[Images: The Kolumba art gallery, by Peter Zumthor].

Steve Rose of the Guardian this morning greets us with a “magnificent art gallery with a ruined gothic church in the basement.”
The gallery is in Cologne, Germany, it’s called Kolumba, and it was recently designed by architect Peter Zumthor.
The building’s “cavernous ground-floor room,” Rose writes, “is dimly lit, but fresh air and dappled sunlight spill in from honeycomb-like perforations high above.”
Even better: “Embedded in the light brick walls are the blackened windows and arches of a ruined gothic church, onto which this new building has been grafted.” And, “disappearing into the depths and the darkness, are the excavated ruins of crypts, vaults and foundations.”

[Images: The Kolumba art gallery, by Peter Zumthor].

The backstory, briefly, is that the church – called St. Kolumba – was “reduced to rubble during the second world war,” but, we read, “[a] wooden Madonna survived the bombing so, after the war, local architect Gottfried Böhm built the small octagonal chapel on the site, dedicated to the ‘Madonna of the Ruins’. In the 1970s, excavations revealed evidence of previous churches, not to mention vaults filled with human bones.”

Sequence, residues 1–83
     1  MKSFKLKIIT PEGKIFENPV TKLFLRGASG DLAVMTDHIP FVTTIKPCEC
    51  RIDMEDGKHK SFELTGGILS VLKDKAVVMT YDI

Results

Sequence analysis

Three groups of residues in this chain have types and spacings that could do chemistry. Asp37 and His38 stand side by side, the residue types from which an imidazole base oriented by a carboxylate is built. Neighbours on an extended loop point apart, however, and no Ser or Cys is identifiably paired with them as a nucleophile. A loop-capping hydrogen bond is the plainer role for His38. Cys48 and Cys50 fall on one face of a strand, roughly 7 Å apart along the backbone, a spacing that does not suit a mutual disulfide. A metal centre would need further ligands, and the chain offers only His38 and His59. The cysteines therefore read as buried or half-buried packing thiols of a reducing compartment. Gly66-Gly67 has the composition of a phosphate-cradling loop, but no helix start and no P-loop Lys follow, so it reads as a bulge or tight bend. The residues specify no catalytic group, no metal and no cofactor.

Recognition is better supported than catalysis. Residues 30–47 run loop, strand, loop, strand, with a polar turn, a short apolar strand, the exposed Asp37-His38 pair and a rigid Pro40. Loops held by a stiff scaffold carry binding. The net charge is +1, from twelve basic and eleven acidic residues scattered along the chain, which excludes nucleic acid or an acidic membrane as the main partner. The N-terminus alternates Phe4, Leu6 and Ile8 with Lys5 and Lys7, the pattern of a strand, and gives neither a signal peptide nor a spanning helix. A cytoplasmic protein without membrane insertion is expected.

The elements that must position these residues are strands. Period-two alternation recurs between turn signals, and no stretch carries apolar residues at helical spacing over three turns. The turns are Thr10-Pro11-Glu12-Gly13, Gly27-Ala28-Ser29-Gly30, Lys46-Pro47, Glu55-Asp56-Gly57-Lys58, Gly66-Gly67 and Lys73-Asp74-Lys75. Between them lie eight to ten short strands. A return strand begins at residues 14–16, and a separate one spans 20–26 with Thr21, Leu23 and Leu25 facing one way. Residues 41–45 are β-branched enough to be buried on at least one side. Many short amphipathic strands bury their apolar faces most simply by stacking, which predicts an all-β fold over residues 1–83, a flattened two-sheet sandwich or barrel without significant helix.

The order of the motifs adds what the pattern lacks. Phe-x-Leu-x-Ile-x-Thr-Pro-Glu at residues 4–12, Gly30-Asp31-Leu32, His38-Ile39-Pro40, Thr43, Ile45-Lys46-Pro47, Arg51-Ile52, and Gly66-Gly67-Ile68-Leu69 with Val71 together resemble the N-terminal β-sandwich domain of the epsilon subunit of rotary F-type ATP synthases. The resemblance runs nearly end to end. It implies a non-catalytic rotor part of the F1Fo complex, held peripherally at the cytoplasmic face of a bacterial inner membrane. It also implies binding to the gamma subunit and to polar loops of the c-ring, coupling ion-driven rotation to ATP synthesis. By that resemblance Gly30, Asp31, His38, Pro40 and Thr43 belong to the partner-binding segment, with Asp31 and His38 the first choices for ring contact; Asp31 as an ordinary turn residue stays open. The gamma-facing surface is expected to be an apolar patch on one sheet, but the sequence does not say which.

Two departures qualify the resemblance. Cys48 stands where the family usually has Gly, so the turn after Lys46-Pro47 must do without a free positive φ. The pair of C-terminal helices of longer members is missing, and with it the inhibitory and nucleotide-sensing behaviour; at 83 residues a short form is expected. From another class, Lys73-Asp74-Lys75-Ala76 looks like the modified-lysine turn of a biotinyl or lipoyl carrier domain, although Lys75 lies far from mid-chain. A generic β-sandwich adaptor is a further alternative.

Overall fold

Evidence of previous churches! Such a beautiful phrase. Finding evidence of other buildings – older buildings – inside the building you’re now standing in.
Or perhaps you find evidence of a newer building, inside the building you’re standing in – and you realize, stunned, that someone is replacing the building, slowly and in secret over the course of several years, in bits and pieces, here and there, leaving traces, evidence, clues.
In any case, Kolumba, with its swirling foundations on top of foundations on top of crypts, now houses religious art.
In 650 years, someone will build another museum atop its wreckage.

(Thanks, Nicky!)

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